“Organized professional seeking a full-time position in your company to enhance and develop my skills in enabling the company to grow.”
Even though this example mentions the candidate’s objective, it fails to specify the role-specific skills or qualifications of the candidate.
“Organized and talented analysis professional with two years of experience, seeking the position of data analyst at Syntax Analytics. Equipped with collecting, analyzing, authenticating and modeling data sets to enhance business operational productivity. Expertise in statistical analysis to conduct market research and identify patterns and trends.”
On the other hand, this objective statement highlights the numerous technical skills and the candidate's role aspiration.
If you are opening with a summary statement, these suggestions can help you write a better one:
- Tailor your statement according to the position by adding one or two skills from the job description.
- Showcase career achievements and success in numerical terms.
- Mentioning certifications can ramp up your worth, especially for a data analyst role.
- Your summary statement should be brief and readable. Don't use repetitive keywords and phrases to make it more appealing.
Check out this summary statement:
“Motivated and result-driven data analyst with more than four years of experience offering expertise in analysis and testing of business requirements to drive the deployment of applications, business processes and system solutions. Highly analytical and detailed with documented track record in full software development life cycle (SDLC) methodologies and Agile software development techniques. Communicative and collaborative with a proven history of improving business operations to support corporate growth and revenue.”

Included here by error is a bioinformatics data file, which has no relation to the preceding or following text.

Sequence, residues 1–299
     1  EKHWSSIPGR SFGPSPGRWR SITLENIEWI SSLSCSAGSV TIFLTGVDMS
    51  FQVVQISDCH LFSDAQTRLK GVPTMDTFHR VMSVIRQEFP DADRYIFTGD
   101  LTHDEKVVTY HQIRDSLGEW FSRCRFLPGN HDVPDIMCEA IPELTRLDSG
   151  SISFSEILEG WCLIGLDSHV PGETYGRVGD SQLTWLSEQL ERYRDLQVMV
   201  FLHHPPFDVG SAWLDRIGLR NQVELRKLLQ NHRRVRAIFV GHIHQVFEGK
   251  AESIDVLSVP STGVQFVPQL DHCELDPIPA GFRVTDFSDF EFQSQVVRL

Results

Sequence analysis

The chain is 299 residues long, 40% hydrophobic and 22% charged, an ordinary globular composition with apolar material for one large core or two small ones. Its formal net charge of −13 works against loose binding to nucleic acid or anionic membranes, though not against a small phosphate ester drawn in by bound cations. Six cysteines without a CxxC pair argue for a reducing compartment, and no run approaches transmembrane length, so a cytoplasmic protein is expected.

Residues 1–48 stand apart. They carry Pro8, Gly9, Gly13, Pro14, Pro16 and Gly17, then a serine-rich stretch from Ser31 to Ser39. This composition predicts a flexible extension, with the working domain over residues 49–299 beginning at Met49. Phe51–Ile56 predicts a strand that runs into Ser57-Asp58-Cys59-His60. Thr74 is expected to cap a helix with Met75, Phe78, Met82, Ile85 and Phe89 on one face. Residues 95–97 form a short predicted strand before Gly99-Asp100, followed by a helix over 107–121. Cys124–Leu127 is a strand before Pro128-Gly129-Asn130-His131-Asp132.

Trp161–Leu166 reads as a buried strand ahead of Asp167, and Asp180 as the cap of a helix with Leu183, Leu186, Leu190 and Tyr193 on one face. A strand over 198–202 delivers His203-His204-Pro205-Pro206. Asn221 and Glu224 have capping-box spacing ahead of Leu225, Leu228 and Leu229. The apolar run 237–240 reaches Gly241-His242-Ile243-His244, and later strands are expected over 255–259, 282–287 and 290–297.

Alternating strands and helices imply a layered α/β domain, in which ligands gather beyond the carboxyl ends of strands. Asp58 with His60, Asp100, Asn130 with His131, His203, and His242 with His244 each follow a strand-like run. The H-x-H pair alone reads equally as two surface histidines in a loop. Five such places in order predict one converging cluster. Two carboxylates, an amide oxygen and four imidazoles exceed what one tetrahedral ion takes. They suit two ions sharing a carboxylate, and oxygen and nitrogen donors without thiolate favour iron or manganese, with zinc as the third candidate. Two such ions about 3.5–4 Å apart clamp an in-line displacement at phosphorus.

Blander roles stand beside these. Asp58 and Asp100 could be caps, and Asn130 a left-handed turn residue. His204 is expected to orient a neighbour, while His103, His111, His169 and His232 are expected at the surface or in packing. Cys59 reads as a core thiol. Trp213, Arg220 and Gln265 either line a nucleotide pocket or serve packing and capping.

2. List a mix of interpersonal and job-specific skills.
The skills section demonstrates your caliber and ability attached to the role of the data analyst. Mention six to eight skills acquired through education, training and hands-on experience under this section.
Each resume format includes the skills section in a unique way. The chronological format contains your skills in a bulleted list, while a functional format can provide detailed skills content.
You can add three to four skills in a functional layout and expand on them through a bulleted list. These bullets can contain job tasks or achievements for that particular designation.
Here’s a skills format example for a functional resume: